I just submitted a feature article for Information Security Magazine. It
is a "bake-off" with 5 e-mail firewall products. I'll not let the cat out
of the bag -- you'll have to see the article in February's magazine -- but
will lay some ground work and discuss the concept and the need.
We know that the #1 Internet application is e-mail. Everyone has it; everyone uses it. You know it is the #1 path for virus attacks. Many general-purpose firewalls take care of some of the security problems associate with e-mail. For example, quite a few will pass off e-mail to a virus scanner. But there are other concerns that a thorough e-mail security policy should address.
E-mail attachments. Will you impose a size limit? Will you allow all attachment types? The biggest "problem attachments" are executable attachments. Do you know all the types of files that can be executed? Will you permit encrypted attachments? Will you require encrypted attachments? Do you allow images (gif, jpeg, mpeg, etc.)?
Content. Would you like to try to make it more difficult for employees to inadvertently e-mail corporate secrets to people outside the company? Does your e-mail security policy match your "Classification and Marking of Controlled and Restricted Information" policy? (You do have one of those, don't you?) Does your e-mail security policy match your human resources policies covering "objectionable images," or whatever it is that tells employees that it is forbidden to post pornographic images in public view?
Destination control. Do you have a policy against employees writing to your competitors? Or would you, at least, like to monitor such e-mail?
Spam. Would you like to lessen the amount of spam that comes to your employees? Do you ensure that your e-mail gateway cannot be used to send spam?
Many, perhaps most, e-mail servers can handle some of this. Firewalls handle others. Few e-mail servers and firewalls do all of this. Even if your enterprise firewall could handle all of this, do you really want it to? Given the old adage that security is inversely related to complexity, I think it makes sense to move the e-mail-specific firewalling to a an application-specific device. E-mail is the #1 reason for Internet connection for many of us. E-mail deserves its own firewall.
The e-mail firewall is not a new idea. In the latter part of the last century, I worked for Trusted Information Systems (since assimilated by Network Associates 4 years and 7 months ago). One of the research projects I managed was the PEM project. PEM, Privacy Enhanced Mail, was an e-mail security standard, and TIS produced the reference implementation.
We used PEM to transparently secure e-mail between our offices as it flowed
over the Internet. We also proposed using PEM to secure e-mail and to authenticate
out-going and in-coming e-mail for the DARPA project  that also birthed
the TIS Firewall Toolkit and Whitehouse.gov. (See http://www.avolio.com/papers/isoc.html,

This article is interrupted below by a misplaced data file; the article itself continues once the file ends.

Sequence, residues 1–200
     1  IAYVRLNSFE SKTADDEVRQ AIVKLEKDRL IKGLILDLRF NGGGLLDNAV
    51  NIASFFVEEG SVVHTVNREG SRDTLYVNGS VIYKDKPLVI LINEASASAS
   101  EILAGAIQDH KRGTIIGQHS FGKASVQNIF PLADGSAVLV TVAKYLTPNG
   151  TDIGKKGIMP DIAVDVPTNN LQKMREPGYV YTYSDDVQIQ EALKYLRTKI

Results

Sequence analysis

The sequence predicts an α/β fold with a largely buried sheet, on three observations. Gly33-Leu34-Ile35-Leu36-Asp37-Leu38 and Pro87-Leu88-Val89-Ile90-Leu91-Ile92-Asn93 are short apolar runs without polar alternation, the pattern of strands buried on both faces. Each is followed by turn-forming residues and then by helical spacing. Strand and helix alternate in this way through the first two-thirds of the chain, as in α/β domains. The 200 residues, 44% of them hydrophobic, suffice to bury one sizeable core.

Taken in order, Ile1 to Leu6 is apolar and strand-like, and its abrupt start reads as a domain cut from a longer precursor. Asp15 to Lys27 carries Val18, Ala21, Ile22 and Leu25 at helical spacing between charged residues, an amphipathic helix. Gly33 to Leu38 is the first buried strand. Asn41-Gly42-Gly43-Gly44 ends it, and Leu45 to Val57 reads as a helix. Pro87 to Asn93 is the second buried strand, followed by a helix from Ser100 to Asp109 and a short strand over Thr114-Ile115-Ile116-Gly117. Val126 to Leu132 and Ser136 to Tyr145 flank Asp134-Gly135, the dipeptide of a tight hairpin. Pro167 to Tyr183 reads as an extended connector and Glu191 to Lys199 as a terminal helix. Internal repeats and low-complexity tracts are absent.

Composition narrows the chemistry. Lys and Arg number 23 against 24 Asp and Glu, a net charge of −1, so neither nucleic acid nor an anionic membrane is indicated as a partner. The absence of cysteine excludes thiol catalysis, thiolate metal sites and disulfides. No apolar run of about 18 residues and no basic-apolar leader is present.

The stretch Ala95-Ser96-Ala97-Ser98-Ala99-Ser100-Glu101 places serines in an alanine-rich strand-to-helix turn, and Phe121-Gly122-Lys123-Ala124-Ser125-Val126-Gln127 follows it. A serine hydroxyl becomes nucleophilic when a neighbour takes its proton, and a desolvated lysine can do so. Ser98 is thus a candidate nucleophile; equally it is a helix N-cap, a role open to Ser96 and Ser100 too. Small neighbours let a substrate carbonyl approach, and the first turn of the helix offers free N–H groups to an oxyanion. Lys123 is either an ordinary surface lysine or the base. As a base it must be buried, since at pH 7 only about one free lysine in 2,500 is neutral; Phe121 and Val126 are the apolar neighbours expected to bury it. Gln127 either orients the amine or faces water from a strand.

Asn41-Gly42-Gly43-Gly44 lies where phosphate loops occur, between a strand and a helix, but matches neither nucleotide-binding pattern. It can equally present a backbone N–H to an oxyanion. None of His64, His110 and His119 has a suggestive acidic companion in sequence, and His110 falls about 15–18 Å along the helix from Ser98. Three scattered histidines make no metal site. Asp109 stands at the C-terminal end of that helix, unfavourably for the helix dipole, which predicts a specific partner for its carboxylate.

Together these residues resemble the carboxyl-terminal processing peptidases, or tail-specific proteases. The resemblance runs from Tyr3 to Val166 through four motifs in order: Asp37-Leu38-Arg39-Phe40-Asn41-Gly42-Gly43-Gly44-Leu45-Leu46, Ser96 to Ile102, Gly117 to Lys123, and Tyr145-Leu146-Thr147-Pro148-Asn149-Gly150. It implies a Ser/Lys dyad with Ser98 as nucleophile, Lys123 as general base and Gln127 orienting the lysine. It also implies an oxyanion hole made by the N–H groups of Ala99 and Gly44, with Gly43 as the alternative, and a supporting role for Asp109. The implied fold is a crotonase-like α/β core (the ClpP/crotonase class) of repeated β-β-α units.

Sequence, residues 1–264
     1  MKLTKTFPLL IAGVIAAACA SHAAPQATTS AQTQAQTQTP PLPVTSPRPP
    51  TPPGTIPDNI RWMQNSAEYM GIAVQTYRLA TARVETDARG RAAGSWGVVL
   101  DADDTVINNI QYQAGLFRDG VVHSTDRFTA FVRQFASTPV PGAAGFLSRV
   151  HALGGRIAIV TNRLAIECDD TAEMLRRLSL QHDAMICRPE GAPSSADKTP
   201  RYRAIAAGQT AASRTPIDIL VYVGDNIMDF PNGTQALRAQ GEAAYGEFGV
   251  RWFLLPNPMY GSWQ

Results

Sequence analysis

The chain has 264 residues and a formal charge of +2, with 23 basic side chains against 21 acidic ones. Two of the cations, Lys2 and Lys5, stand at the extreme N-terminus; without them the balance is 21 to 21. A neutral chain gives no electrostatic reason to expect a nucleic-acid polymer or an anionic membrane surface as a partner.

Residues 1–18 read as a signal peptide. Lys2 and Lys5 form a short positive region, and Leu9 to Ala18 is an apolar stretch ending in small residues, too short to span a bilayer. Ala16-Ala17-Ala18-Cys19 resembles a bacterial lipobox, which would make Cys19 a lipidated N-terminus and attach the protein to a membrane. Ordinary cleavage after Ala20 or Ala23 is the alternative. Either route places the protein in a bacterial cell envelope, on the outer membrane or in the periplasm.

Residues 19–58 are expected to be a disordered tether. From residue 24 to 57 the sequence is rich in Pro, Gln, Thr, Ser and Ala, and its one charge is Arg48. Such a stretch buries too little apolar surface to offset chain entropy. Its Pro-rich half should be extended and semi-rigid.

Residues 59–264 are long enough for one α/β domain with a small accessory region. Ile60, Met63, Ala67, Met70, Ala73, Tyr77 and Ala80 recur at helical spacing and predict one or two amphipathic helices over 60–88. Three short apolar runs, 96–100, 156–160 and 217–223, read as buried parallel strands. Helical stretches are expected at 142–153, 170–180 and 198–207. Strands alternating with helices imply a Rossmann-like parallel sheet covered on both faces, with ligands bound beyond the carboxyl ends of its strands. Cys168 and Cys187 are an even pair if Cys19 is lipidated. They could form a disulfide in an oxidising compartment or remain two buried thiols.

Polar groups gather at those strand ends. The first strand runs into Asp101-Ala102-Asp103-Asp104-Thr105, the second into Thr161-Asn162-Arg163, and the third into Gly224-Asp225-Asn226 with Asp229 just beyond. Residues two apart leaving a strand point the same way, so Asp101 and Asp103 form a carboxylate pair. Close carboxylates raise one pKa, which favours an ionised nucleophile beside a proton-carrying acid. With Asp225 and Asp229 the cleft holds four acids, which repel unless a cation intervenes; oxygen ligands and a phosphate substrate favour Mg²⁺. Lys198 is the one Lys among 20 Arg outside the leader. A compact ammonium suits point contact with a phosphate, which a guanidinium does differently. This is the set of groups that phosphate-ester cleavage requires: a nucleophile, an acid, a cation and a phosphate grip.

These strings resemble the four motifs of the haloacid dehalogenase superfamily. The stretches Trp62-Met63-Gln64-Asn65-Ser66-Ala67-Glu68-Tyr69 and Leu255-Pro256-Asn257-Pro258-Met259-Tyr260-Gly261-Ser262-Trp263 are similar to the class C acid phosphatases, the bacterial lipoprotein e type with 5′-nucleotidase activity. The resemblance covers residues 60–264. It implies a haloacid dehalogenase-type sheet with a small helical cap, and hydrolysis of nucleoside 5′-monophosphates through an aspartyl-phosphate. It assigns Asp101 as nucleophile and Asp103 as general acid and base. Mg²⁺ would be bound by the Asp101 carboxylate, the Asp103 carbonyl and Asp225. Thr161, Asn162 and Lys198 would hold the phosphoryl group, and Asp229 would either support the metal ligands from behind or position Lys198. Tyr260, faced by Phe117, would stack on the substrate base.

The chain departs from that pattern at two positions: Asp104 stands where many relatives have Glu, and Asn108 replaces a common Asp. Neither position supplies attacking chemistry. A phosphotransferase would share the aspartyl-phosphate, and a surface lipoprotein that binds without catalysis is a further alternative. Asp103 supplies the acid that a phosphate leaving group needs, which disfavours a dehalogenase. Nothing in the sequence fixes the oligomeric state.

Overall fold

and look for the section "SECURE ELECTRONIC MAIL.") We suggested using
authentication for all sorts of things: press releases, official e-mail,
etc. We also suggested it for incoming e-mail which was to receive "special
Today, e-mail firewalls do more. They cover the needs delineated above. They are available as software products and appliances. To look into e-mail firewalls now, you can do a search on the Internet for "email firewall," but most companies don't call them firewalls. They don't because they don't want to complete in the well-entrenched enterprise firewall market. If you do an Internet search, look for:
"email security" spam antivirus
You can see a list of the products that I tested when the magazine article is printed, at the end of January 2003.
With the FWTK being the notable exception, most of this project never went anywhere. (I'd love to point out certain problems the Clinton Administration had and point back to e-mail abuses and the lack of confidentiality, but as far as I know, no e-mail was involved, and authenticated e-mail would only have added to the problems.)
 Incoming e-mail back then was printed, and then handled by the volunteers who handle the postal mail arriving at the White House. We postulated: what if Al Gore and Bill Gates talked, and Gates wanted to follow up with e-mail? Wouldn't it be useful to have that e-mail get special handling, based on the valid and recognized digital signature? They never went for this idea and never used it. But they should have. On "Date: Fri, 4 Feb 1994 09:51 +0100," Carl Bildt, Prime Minister of Sweden, sent e-mail to President Clinton. Of course, someone phoned to see if it got through. It did but, of course, was not digitally signed.
I've taught the 2nd class of my new course (developed with the fine folks at TruSecure Corp.), "Investigative Response." Please check it out at http://www.avolio.com/CourseDescr.html. Again, it got great reviews. It is a 2 day class, but I have decided we can do it in one day. If you want to develop an Incident Response Plan, it is an excellent way to get the team started.
The CSI 29th Annual Computer Security Conference and Exhibition in Chicago went very well. Perhaps the economy is picking up. Perhaps there are just a lot of people who wanted to go to Chicago in November.
I've already got speaking engagements lined up for 2003. I just do not have
them on a web page yet. Sneak preview: I am teaching a VPN class at the MIS
Conference on Mobile & Wireless Security in Scottsdale, AZ, on February
10, and teaching my (updated) "Tools and Techniques" class for CSI at Lockheed
Martin in Orlando on February 25 and 26.